Brompton Bicycle has been producing innovative folding bicycles since 1987, when inventor Andrew Ritchie opened a facility in a railway arch in West London. Now the biggest bicycle manufacturer in the UK, the company is on track to design and build 35,000 Bromptons this year, of which 70% will be exported into 38 markets.
Brompton prides itself on providing a bespoke service to customers, with each bike made to order. “The core of each bike is the same, based around the folding mainframe,” explains Emerson Roberts, Sales and Marketing Director. “But it could be said that we produce 440 million models, as everything from the handlebars to the colour to the gears can be altered to suit.
“We make a premium, functional product, and this has stood us well throughout the economic downturn – also, bicycling is apparently the ‘new golf’!”
Being UK, and particularly London, based, is a crucial part of the Brompton brand, Roberts continues: “In the beginning, we were quite diffident, presenting the fact we took care in what we did, but not necessarily mentioning that we’re British. However, we’ve been building on the impact this aspect has on customers in different territories.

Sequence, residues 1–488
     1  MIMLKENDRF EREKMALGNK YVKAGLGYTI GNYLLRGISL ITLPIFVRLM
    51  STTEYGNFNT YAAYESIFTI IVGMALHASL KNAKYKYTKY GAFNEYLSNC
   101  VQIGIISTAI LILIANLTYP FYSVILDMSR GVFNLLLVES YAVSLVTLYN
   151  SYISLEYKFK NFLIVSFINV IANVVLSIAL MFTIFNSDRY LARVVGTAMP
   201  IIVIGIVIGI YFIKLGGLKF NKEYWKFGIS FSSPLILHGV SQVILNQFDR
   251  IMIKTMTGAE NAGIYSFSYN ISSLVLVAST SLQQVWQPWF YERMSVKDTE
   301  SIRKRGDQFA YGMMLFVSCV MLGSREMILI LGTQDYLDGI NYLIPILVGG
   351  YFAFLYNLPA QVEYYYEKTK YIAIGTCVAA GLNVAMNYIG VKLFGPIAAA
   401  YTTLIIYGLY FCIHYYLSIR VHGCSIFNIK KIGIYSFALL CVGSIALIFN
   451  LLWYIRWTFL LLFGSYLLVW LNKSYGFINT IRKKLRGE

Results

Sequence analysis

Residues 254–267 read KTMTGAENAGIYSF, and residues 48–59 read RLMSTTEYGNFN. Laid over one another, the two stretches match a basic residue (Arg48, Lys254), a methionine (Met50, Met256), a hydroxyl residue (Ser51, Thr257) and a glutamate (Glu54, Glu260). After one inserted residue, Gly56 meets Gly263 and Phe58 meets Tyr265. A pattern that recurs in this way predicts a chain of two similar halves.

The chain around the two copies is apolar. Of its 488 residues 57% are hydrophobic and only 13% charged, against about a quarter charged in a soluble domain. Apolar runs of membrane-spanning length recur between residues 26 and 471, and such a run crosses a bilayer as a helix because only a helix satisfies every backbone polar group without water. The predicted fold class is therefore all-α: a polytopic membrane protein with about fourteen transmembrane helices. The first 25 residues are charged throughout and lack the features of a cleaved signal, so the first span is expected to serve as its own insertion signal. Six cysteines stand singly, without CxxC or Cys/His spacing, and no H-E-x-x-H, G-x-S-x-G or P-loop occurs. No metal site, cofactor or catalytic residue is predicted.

“In Japan, for instance, where we have enjoyed exponential growth, we are very much marketed as a British product – conveying tradition and old fashioned style, but presented in a charming, up-to-date way.
“In the UK and the US, it’s much more about a lifestyle focus and how the bikes perform. Germany has been fascinating for us, as we’ve taken what started as a very conservative market, and turned it around so young people are now coming into dealerships and asking for Bromptons by name. In our German marketing, we use famous London landmarks and subtitle the Brompton Bicycle name with the phrase ‘the original London folding bike’.”
However, as with its bicycles, Brompton does not approach its marketing as a one-size-fits-all exercise. In Latin America, for instance, being British is mentioned, but more subtly and, in the Netherlands, it is not focused on at all, as UK manufacturing is seen to have more negative connotations. “You have to handle it with great care,” adds Roberts. “It’s very easy for marketers to just wrap their brand in a flag, but this is not always the best approach.”
Brompton is currently considering opening a plant in the US, because it is felt that US consumers will appreciate a product made in their own country more. “The same goes for the UK,” states Roberts. “UK consumers like the idea of something domestically made, and of supporting the local economy.
“What being UK-based means to us as a company is very much linked to our people – they are what truly differentiates us from our competitors. We have access to technical expertise and know-how that we could not get anywhere else in the world, it simply could not be replicated.”
To find out more visit: www.brompton.co.uk
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